March news

 

Working on “trues stories”, here with Françoise Cactus…”Die Toten von Feuerland” got awarded in England. In march I am recording the voices for my radio play “True stories” based on texts by french installation artist Sophie Calle. My concept is an experimental arrangement, where all actors are also improvising with the texts and their voices. Here I am with singer Francoise Cactus and actress Birte Schnöink on my rooftop and in the kitchen, turned into a theatrical recording stage. As a third role we have great Damien Rebgetz with us in this production.

March also brought an invitation for “Die Toten von Feuerland” to the Radio Drama Festival in Canterbury. Throughout 4 days of intense listening to over 50 international radio plays, the jury finally gave the first prize to our production. We are very moved and happy about the recognition of our play and the effort that we did put into it. You can listen here to the play. And please find the synopsis below.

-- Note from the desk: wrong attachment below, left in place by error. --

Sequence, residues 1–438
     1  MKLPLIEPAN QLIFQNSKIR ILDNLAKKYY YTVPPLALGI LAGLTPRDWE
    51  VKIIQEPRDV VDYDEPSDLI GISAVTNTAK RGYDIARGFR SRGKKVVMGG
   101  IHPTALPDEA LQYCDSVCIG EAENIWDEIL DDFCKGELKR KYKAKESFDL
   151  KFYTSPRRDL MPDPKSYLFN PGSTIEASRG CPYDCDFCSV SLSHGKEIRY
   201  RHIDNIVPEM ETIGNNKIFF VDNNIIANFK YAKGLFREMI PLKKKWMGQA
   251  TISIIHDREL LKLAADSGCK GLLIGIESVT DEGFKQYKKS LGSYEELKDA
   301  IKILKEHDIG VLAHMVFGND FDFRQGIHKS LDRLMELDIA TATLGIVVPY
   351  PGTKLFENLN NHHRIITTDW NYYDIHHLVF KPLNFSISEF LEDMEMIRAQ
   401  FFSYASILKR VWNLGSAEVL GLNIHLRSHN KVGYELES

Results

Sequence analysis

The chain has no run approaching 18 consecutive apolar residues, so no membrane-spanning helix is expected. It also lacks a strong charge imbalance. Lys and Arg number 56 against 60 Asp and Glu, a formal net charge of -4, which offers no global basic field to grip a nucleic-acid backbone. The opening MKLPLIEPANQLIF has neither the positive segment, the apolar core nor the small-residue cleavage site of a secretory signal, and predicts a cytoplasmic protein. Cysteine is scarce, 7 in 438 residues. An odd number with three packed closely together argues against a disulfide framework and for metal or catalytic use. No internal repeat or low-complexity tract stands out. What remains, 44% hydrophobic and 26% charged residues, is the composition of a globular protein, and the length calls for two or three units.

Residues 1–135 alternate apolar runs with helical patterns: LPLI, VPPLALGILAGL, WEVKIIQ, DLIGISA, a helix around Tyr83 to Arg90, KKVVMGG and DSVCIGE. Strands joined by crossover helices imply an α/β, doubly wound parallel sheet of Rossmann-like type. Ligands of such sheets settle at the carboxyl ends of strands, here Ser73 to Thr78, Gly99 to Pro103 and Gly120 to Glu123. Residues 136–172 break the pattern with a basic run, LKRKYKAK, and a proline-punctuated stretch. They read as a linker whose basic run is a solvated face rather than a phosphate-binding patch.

Synopsis of our radio play: “On May 11, 1830, the sailors of the research vessel “HMS Beagle” exchange with the indigenous people of Tierra del Fuego the young Orundellico of the Yamana tribe for a mother-of-pearl button. The 15-year-old gets the name Jemmy Button. ​Captain FitzRoy decided to take four of the young Fuegian hostages all the way to England “to become useful as interpreters, and be the means of establishing a friendly disposition towards Englishmen on the part of their countrymen.”​ ​Like many stories also this one does not go well…One year later, Fitzroy returned the three surviving Fuegans home. He took with him a young naturalist, Charles Darwin. ​Haage and Ammer do not talk about what they know or suspect anyway. But perform a revival ritual without moral gravity: ​An essential part of the radio play are original sound recordings of the Yamana people. ​The radio play – based on the diaries of Darwin and Fitzroy – tells of the consequences of being uprooted and became a model for Michael Ende’s children’s book character Jim Knopf a century later.”